A glorious day for a glorious reason. That’s how Muscogee County School Board chairman Rob Varner described it.
More than 150 folks gathered on a vacant field for Saturday’s groundbreaking ceremony, celebrating another milestone in the $36 million project that will produce a 118,500-square-foot arts academy, scheduled to open in time for the start of the 2017-18 school year.
Parts of the past three Special Purpose Local Option Sales Taxes, which Columbus voters approved in 2003, 2009 and 2015, are funding this project. More than $100 million in public money already has been invested on the former Columbus Square Mall property, noted city manager Isaiah Hugley. Now, it contains the Columbus Public Library, the Muscogee County Public Education Center, the City Services Center and the Columbus Aquatic Center -- and the arts academy will join them on 15 acres behind the library.
School board vice chairwoman Pat Hugley Green, the city manager’s sister, told the crowd, “We can’t say thank you enough to all of the fine citizens who have supported this effort, from the seed to the watering, and now we’re just waiting for the blossoms to come out of the ground.”
Never miss a local story.
This is a school that, given the right opportunities, students can come into and grow, regardless of the economic circumstances from which they come.
Muscogee County School Board chairman Rob Varner
Varner recalled a conversation he had with a resident eight years ago, when he first ran for election. The resident labeled the arts academy an “elitist thought.”
“I knew that was wrong,” Varner said. “I knew it was just the opposite of that. This is a school that, given the right opportunities, students can come into and grow, regardless of the economic circumstances from which they come.”
The three-story design allows for a maximum of 500 students in grades 6-12, although it can accommodate an expansion. Middle school students will be enrolled in a process the administration will recommend to the school board, depending on the number of students who express interest. High school students will be admitted based on merit through an audition or portfolio review. The faculty will comprise certified educators and working professionals in their respective fields.
The programs will include, chorus, guitar, orchestra, dance, piano, film, creative writing, theater, musical theater, music business and visual arts (such as drawing, painting and photography).
The state-of-the-art facility will feature a 650-seat main theater with a balcony, a smaller theater, a black box theater, a recital hall and an outdoor studio.
But the academy’s mission won’t be training future stars, superintendent David Lewis emphasized.
“Students who attend this school may be coming to pursue a career in the fine arts or possibly not,” Lewis said. “It’s interesting that in fine arts schools throughout the country, less than 2 percent of the students who graduate from those schools actually go on to pursue careers in those areas. They may be doctors, lawyers, architects or accountants.
“The reality of it is, they are fostering and garnering that whole idea of creativity and innovation. They’re mining that for their futures. And that will make them better doctors, lawyers, accountants and so on.”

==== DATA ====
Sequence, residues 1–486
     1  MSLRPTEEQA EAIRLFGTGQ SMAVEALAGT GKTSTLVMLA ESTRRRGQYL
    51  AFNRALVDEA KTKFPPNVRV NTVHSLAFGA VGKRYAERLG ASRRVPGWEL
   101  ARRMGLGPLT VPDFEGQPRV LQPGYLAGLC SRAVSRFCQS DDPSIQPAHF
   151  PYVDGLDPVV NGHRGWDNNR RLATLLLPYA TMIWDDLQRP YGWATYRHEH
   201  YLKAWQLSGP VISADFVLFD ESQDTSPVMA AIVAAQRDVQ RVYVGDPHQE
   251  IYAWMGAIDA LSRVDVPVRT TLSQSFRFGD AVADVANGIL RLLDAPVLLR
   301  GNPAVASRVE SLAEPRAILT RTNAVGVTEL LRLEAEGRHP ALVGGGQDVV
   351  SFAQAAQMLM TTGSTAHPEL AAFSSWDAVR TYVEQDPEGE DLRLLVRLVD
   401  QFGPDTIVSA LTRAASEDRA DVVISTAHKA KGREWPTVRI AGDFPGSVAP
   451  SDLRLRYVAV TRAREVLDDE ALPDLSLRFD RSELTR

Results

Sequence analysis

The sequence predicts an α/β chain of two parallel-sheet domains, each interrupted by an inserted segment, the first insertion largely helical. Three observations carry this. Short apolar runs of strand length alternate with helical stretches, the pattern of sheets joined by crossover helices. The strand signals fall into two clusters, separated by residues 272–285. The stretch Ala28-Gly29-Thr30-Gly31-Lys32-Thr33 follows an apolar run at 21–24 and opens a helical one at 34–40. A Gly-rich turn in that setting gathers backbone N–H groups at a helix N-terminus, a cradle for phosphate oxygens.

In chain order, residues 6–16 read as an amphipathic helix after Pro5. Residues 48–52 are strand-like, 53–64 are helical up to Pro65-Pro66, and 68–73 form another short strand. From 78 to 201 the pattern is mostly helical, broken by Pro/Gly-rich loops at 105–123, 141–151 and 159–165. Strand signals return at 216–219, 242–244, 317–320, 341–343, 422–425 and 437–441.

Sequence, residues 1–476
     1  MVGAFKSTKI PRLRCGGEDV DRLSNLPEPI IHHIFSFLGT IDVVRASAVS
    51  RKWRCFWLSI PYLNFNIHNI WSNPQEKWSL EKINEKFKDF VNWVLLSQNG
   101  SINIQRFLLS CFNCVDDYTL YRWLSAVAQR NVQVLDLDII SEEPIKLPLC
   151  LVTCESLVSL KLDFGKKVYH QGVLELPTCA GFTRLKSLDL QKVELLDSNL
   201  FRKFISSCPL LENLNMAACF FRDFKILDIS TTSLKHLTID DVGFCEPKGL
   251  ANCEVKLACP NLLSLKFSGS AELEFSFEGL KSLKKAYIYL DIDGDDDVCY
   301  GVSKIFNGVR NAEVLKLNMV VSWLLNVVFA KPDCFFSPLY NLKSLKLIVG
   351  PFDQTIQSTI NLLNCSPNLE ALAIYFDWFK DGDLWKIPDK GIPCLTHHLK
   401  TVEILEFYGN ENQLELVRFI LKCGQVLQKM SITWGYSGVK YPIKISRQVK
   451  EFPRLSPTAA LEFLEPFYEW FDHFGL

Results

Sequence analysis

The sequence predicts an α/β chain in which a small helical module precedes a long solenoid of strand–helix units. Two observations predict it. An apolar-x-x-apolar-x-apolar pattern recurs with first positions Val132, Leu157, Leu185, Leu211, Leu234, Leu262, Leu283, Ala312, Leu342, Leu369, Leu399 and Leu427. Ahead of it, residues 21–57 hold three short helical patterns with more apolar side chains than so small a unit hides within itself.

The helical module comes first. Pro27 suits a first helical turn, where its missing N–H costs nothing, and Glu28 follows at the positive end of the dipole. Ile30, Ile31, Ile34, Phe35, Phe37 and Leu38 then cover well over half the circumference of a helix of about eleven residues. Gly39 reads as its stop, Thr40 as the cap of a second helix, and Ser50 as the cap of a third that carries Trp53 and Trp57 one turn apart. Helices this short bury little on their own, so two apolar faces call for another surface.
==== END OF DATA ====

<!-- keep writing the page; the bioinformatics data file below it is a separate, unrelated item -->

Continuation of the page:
Their parents told us that some of these were very disengaged students they were in danger of losing from the regular curriculum, but they had found a purpose and they had come to pursue educational excellence through a passion for their art.
Former Muscogee County School Board chairwoman Mary Sue Polleys
Mary Sue Polleys chaired the school board in the 1990s, when Guy Sims was superintendent. During a visit to the arts academy in Augusta, students expressed “how their lives had been transformed by being able to have the opportunities to have the daily practice, the rigor and the discipline that was required and the focus on fundamentals,” Polleys said, “and how they could put up with algebra and history since they got to do their art for half the day.
“Their parents told us that some of these were very disengaged students they were in danger of losing from the regular curriculum, but they had found a purpose and they had come to pursue educational excellence through a passion for their art.”
All of which begged the question: “Why can’t we do this in Columbus?”
After voters approved the 2003 SPLOST, with $1 million in seed money for the arts academy project, then-superintendent John Phillips assigned his executive assistant, Billy Kendall, the task of traveling around the Southeast to take the best ideas from other arts academies. Thirteen years later, Kendall still chairs the academy’s planning committee.
Susan Andrews was superintendent when voters passed the 2009 SPLOST. Then the Great Recession prompted the board to approve the 2012 recommendation from Phillips, who returned as interim superintendent, to delay the arts academy project. No wonder he declared at Saturday’s ceremony, "Sustained effort over time, that’s the key to success, and this is a model of that theory."
So when the facility is finished, Columbus won’t be the largest city in Georgia without an arts academy for secondary education anymore. And the elementary school students from the Wynnton Arts Academy chorus, who entertained the crowd, will have a school where they can continue their specialized curriculum.